"There is more
than 5,000 cubic feet of ready-to-reference material on the second floor and
thousands of other files in accessible storage in other parts of the
Skillman Library," Bluth told the crowd. Detroiters can peruse the
files for free while researchers around the region and world can pay a
$100 annual membership or pay a $10
daily visitor fee. Most of the materials are donated. The Friends
Foundation of the Detroit Public Library stages fundraisers, industrial
leaders donate files. The librarians have begun to digitize some of the
collection for greater access to the public.
What are the most
common requests? Barbara Thompson, assistant director of the NAHC says
it is repair manuals for vehicles dating from Tin Lizzie to some
current products. Another common request is for car prices recorded in Kelley Blue Book
Included among the collection's jewels is a fanciful history of the highlights and sidelights of
autos. The Story of the Automobile
, by Rudolph Anderson, a journal
editor for the National Automobile Dealers Association
in Washington D.C., answers one of the common
questions to automotive librarians: how did the car get its name?
said early industrialists toyed with auto-mo-bubble, electromobile,
electrobat, gasmobile, petrocar, autocar and viamote before settling on
the French-inspired automobile. "The French Academy insisted an
automobile was masculine as a whisker," he writes, noting America
thought a car female.
Lansing car pioneer R.E. Olds pandered
to the public with the opposite assertion for his Reo in magazine
advertisements: "She is a Pleasure Car Ė for the woman who drives her Ė
for the man who owns her Ė for all who ride in her."
cars are male or female, the vehicles generate a flurry of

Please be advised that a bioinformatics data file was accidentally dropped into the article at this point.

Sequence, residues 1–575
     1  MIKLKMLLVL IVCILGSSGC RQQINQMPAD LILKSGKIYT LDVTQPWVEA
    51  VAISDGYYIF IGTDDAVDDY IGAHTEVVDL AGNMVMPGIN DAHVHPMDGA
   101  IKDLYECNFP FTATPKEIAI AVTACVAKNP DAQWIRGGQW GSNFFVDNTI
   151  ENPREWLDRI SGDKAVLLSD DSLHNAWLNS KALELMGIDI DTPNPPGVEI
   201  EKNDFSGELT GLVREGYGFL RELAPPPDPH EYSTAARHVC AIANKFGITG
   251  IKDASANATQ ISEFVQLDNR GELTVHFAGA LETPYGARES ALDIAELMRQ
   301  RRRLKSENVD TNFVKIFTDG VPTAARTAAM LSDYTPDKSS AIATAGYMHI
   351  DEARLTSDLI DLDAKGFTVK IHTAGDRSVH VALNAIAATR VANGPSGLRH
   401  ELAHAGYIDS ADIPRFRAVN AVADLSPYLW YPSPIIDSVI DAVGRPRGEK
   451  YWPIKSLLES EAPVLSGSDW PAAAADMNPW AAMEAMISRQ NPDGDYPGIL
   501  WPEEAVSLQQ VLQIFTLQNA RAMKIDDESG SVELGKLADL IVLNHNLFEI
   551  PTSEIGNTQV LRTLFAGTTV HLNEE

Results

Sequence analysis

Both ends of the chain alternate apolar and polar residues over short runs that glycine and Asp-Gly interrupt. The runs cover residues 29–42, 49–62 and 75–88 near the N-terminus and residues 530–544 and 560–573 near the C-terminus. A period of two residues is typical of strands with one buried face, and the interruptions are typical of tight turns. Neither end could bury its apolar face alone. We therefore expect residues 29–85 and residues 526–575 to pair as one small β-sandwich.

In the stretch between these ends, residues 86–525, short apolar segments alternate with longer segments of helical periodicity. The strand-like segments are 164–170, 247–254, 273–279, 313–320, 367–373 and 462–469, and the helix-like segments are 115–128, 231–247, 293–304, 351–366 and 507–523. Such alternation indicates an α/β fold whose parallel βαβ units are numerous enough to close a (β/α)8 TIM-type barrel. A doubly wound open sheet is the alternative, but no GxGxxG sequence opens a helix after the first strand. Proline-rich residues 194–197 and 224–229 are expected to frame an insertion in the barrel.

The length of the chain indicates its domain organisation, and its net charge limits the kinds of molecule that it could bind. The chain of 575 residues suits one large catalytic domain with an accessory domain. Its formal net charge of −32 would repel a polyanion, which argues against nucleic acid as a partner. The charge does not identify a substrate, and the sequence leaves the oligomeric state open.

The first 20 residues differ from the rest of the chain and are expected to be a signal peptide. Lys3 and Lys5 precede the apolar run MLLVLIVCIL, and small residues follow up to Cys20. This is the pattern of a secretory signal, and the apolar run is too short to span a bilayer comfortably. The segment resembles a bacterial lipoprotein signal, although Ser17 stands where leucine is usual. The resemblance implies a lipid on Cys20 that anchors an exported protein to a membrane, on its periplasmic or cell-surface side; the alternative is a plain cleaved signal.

materials. The NAHC has 36,000 bound periodicals, 14,000 books
and 2 million factoids including business diaries of car founders such
as John Dodge, Henry Ford and Charles King. A portrait of King, the
first man to drive a car on the streets of Detroit, hangs over the
reference desk, in part because he bequeathed his 60-year collection of
papers and publications to the NAHC. Stepping into a jewel
Thompson and Kotsis field over 20,000 requests annually in the Skillman
Library, a lavishly restored art deco building built in 1932 and
reconditioned in 2003. The library is at 121 Gratiot, a short walk from
the Cadillac Center People Mover station.
For many years, the
second floor was devoted to foreign periodicals, a portion now housed
in the newspaper room downstairs. Beginning in 1944, the NAHC
collection was contained in the main branch of the library, until the
administrators sought to come closer to the downtown business hub of the
Visitors find the Skillman branch through its
monthly concert series and periodic lectures. The next concert,
sponsored by nearby Compuware
, will be held at noon March 21.
Rick Bower and Dan Treeder found this treasure while wandering around
downtown during the recent Detroit Kennel Club Show. They wandered past
skaters on Campus Martius and stepped inside the library.
is a deco feast inside. The wood furniture, desks and shelves are
beautiful," Treeder says. "I havenít been in here in four years. I tend
to search for a lot of books on Amazon.com. I miss the wealth of
resources in a real library."
Bower read this prophetic statement
by Alfred Reeves, the general manager of the National Automobile
Chamber, from the 1932 edition of Motor Magazine:
"The motor industry has been riding on flat tires but it is now headed for prosperity highway."
Indeed, it did just that. The proof is in this stellar collection that draws car lovers from near and far to its doors.
Maureen McDonald is a Detroit-based freelance writer.
Piquette Model T Club
National Automotive History Collection
Skillman Downtown Library
Items in the Collection
Stairwell in the Skillman Library
All Photographs Copyright Dave Krieger